Both are valid, of course.

Diane Kornberg
Savage Gallery

Success in the big room: Kornberg at Savage.

This is one serious gallery space, and of the colder variety I mentioned above. The back room, in fact, is so serious it often has highlighted the shortcomings of some artists.

Savage artists Heidi Schwegler, Su-en Wong and Brian Hunt all pulled it off – with Hunt taking top honors. From a spatial standpoint, Hunt's vast Grand Canyon maps and sculptural airships had the right amount of thrust and reserve.

We can add Dianne Kornberg to that list of successes in "the big room."

Kornberg: The new stuff.

Frankly, I don't think most photographers in Portland can handle this space but Kornberg's clinical creepiness is more distilled than her previous work. By getting away from the myriad of bugs that she has done in the past, her new work seems to twitch. Maybe it is all the negative space or the lovely framing, but these specimens under glass are both unsettling and elegant.


I completely disagree with D.K. Row's Oregonian review, where he shrugged this work off as a series of technical "ticks." Kornberg has moved ahead and not merely in technical ways.

This new work has more soul and relies less on technical strategies. By moving to single centralized figures, Kornberg's work is more upfront, naked and stoic. This vulnerability and strength form a tug of war that is a new emotional sensation in Kornberg's work. It is also spatially activated.

Kornberg's new elements pull this show off. Her bug collection series would have been too static for this space.

Overall, the new understatement is more threatening and stoic, reminding me of a scene in Margaret Atwood's book, "Surfacing," where a dead body is seen under water.

Portland Institute of Contemporary Art (PICA)

Perilous path: PICA walks the walk (Baden at left).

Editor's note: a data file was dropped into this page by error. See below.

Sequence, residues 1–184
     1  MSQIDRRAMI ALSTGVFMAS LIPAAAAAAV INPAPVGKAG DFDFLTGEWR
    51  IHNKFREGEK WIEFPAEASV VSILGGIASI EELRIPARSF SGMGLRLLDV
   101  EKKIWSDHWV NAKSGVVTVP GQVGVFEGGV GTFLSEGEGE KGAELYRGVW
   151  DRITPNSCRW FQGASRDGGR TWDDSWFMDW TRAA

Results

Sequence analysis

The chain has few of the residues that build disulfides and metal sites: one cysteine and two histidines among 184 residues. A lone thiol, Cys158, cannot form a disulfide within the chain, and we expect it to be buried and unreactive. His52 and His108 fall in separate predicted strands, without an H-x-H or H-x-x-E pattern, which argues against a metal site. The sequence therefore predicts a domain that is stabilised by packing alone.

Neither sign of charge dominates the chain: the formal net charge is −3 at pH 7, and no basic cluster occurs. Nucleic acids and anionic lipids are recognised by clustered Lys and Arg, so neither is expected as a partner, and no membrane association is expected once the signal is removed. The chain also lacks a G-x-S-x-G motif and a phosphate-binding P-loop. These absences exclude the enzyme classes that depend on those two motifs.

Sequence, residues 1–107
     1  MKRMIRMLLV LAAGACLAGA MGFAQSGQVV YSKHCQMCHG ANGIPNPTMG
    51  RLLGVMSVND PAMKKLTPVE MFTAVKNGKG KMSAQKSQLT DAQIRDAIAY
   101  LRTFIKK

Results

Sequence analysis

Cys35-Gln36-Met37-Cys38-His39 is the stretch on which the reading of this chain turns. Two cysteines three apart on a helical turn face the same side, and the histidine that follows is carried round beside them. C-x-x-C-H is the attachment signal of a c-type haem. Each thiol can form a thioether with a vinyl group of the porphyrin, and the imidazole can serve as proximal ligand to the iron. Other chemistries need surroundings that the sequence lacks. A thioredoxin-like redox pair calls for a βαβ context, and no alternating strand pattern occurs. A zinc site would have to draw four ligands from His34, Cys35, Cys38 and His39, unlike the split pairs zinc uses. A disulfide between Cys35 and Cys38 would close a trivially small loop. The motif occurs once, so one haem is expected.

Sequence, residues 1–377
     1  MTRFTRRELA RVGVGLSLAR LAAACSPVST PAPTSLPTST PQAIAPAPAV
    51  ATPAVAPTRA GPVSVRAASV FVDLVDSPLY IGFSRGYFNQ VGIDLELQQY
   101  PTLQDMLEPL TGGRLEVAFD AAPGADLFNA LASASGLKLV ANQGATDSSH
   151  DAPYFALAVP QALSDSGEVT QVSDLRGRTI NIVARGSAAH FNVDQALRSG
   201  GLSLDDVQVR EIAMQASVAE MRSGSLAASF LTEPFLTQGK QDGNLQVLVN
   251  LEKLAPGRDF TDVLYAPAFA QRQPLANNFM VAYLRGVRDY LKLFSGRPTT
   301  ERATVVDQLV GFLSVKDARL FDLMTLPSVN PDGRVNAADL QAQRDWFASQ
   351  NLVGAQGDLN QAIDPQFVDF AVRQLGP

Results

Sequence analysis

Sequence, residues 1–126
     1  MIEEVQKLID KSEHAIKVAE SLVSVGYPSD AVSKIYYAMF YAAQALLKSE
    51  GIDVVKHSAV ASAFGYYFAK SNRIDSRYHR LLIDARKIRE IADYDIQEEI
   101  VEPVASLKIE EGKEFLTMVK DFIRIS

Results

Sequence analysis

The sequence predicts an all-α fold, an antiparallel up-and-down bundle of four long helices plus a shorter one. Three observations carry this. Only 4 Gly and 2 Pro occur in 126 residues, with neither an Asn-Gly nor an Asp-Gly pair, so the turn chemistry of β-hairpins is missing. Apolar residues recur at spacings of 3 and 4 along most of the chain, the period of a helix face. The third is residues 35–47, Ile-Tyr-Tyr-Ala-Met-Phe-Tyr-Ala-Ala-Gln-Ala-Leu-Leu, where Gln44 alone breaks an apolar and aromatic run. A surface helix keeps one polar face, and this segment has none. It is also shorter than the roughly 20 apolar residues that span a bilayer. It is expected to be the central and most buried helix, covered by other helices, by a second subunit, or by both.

Another Cloepfil space, it is cold and hard. But Horodner has taken a very conceptual idea and made some serious physical statements.

For example, the Mowbry Baden piece sited at a slightly uncomfortable angle to the entry of the main gallery is a Feng Shui nightmare … and a nice touch. The Baden acts as a screwed up path and a really-not-up-to-OSHA-standards set of handrails.

It almost invites one to walk through, but also threatens to make that path to grandma's house perilous.

Another deft touch is the Janine Antoni video of two pairs of feet walking in each other's footprints. It provokes mimesis in the viewer, which then has them perambulating merrily into the gallery space. What a nice way to bring someone into the gallery through visual suggestion.

Both pieces are set at zigzag angles that break up the airy but rectangular PICA space. By making Antoni and Baden disagree, or at least refuse to be parallels to the architect's solid spatial rectangles, Horodner informs us rightly: The art is more important than the walls, ceiling and floor. Since these are the two most telling pieces in the show, it makes perfect sense.

Chandra Bocci

Beyond contained space: Bocci's birds.

OK, I'm going to say it again, Bocci is one of Portland's best installation artists. Problem is, installation artists need space. Her portable city conglomerations are inspired but beg for de-boxing and expansion beyond the contained space.

Her bird installation made of trash really does it, though. A particular one made of bubble wrap is amazing, and another made from Chinese food detritus is like a ghost of some tasty Kung Pao chicken.

Spatially, work like this is perfectly at home – even among the scaffolding that holds the stage lights at Disjecta's hybrid gallery/musical performance venue.

The Pacific Northwest has a special attunement to activated space, to which all these shows attest.

That the Portland Art Museum is ideally situated on the Park Blocks gives it the same cultural status of a temple – with dedicated space for a growing contemporary collection. I'm certain the city's momentum will only continue.

There are different ways to build art scenes and Portland, with its focus on content, is set for the long haul.

E-mail Jeff at pivotofjade@hotmail.com, don’t miss his recent columns and be sure to see his April essay, Art and Threat: Untaming Humanism.